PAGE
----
Seoul optimistic on N.Korea reactor

Updated: 2007-06-27 17:04
Large Medium Small
SEOUL, South Korea - UN inspectors visiting North Korea were given permission to visit DPRK's key nuclear reactor for the first time in nearly five years, according to a Wednesday news report.
Seoul optimistic on N.Korea reactor
Olli Heinonen, the International Atomic Energy Agency's deputy director general for safeguards speaks to journalists before leaving his hotel in Beijing Tuesday, June 26, 2007. [AP]
Seoul optimistic on N.Korea reactor
Japan's Kyodo News agency, quoting International Atomic Energy Agency Deputy Director Olli Heinonen, reported that North Korea would allow monitors from the UN nuclear watchdog to visit its Yongbyon nuclear facility on Thursday and Friday.

"Tomorrow, we're going to Yongbyon," Heinonen told Kyodo, adding that the inspectors would return to Pyongyang on Friday.

The North's permission would be the latest sign that Pyongyang is serious in carrying through its disarmament pledge.

North Korea agreed to close the plutonium-producing Yongbyon reactor in February in exchange for economic aid and political concessions. But North Korea ignored an April deadline to do so because of a banking dispute with the United States.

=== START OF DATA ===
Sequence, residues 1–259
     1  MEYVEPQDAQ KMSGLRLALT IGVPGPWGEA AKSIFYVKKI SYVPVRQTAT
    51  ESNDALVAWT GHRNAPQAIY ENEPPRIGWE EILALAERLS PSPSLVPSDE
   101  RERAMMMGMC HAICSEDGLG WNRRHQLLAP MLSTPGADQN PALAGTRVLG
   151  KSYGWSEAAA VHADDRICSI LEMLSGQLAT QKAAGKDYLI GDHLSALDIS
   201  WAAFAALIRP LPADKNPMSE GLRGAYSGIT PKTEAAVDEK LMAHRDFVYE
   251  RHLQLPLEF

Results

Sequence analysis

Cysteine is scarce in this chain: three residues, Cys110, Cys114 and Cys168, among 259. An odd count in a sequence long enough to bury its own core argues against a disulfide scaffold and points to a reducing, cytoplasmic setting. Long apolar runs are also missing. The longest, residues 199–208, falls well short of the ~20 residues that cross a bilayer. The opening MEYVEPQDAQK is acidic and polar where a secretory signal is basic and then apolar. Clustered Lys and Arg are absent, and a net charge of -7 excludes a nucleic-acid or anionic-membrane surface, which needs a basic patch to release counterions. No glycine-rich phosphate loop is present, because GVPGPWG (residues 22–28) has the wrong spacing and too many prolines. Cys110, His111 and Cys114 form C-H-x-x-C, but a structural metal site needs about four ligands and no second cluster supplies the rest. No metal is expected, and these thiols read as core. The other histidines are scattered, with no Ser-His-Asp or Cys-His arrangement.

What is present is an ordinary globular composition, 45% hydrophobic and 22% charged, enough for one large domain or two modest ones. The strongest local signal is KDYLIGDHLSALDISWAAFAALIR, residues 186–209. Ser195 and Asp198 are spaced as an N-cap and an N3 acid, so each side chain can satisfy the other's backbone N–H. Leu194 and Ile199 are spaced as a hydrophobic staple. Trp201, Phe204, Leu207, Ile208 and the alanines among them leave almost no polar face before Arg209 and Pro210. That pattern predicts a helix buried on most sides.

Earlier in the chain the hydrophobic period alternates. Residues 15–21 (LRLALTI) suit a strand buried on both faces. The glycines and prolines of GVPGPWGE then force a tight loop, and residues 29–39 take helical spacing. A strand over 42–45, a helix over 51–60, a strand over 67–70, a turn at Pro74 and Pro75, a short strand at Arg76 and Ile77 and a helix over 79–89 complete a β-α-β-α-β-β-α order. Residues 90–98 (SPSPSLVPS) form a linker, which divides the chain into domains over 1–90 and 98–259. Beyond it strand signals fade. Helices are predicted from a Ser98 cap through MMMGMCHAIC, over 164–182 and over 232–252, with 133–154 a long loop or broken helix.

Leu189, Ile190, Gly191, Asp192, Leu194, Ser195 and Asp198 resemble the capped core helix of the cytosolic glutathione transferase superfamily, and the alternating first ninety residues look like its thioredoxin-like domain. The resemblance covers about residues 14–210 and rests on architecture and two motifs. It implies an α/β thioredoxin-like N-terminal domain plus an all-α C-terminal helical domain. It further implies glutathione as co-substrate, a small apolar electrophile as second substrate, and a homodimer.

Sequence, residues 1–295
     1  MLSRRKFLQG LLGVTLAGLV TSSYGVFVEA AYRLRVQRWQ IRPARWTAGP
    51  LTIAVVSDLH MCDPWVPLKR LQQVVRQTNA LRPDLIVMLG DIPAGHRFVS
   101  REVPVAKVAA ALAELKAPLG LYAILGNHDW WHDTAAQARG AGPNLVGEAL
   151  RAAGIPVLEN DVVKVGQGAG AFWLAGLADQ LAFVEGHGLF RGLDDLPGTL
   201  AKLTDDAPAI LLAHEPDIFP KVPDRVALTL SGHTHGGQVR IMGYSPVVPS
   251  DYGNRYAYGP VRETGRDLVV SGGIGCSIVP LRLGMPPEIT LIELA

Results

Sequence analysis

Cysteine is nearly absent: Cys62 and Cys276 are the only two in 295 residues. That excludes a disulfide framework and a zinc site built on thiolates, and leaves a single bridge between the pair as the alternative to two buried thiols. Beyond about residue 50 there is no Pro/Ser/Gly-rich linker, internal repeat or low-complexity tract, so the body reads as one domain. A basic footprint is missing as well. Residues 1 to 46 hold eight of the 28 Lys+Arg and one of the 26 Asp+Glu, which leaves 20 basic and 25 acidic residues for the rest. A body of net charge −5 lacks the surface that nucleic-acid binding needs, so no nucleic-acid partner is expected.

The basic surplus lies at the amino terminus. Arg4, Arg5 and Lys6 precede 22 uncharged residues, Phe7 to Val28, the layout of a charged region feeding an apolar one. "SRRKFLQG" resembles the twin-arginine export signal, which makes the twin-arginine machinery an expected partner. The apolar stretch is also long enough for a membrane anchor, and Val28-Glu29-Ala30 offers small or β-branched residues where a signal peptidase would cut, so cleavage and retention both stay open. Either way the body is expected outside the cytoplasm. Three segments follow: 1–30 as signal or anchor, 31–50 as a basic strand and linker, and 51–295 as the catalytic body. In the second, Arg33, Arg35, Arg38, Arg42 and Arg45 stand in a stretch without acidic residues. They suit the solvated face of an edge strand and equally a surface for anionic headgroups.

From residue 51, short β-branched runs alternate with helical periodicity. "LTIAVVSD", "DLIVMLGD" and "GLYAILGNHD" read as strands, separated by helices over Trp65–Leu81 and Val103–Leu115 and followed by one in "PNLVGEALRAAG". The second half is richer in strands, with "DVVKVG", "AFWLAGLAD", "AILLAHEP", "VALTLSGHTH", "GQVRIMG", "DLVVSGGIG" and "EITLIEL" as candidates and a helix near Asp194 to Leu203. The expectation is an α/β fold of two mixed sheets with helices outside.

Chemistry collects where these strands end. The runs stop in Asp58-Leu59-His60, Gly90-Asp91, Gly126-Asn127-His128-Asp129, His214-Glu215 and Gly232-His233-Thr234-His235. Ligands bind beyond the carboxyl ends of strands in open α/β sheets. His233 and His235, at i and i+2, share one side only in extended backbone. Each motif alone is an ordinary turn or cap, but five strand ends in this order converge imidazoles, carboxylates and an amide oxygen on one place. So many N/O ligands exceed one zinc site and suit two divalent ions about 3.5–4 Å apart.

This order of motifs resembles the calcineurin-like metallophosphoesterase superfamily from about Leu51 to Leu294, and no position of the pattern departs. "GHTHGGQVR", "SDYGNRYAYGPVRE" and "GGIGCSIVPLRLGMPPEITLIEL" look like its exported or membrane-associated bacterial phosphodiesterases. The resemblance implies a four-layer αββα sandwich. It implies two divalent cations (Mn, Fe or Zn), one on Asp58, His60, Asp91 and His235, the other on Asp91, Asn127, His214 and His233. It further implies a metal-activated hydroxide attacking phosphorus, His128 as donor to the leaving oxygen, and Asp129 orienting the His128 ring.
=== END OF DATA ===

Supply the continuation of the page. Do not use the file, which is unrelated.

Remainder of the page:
That dispute has finally been resolved this week after months of delay, and Pyongyang announced Monday that it would move forward with the disarmament deal.

It would be the first time for UN nuclear inspectors to visit Yongbyon since North Korea expelled IAEA monitors in late 2002 after the current crisis broke out with US accusations that Pyongyang had a secret, uranium-based weapons program.

The facility is at the center of international efforts to stop North Korea's nuclear program. The country carried out its first atomic test explosion in October.

The negotiating climate has sparked optimism in North Korea's neighbors.

"After the consultation is over, I think it will be shut down as early as possible," South Korean Foreign Minister Song Min-soon said, referring to the North Korea's reactor.

Song, leaving for Washington for talks with Secretary of State Condoleezza Rice, said the reactor's closure is now a "technical issue," which would not be subject to a "political decision" by North Korea.

Heinonen, whose team arrived in the North's capital on Tuesday, said the officials there who greeted his team at the airport in Pyongyang were friendly and appeared ready for discussions.

   Previous Page 1 2 Next Page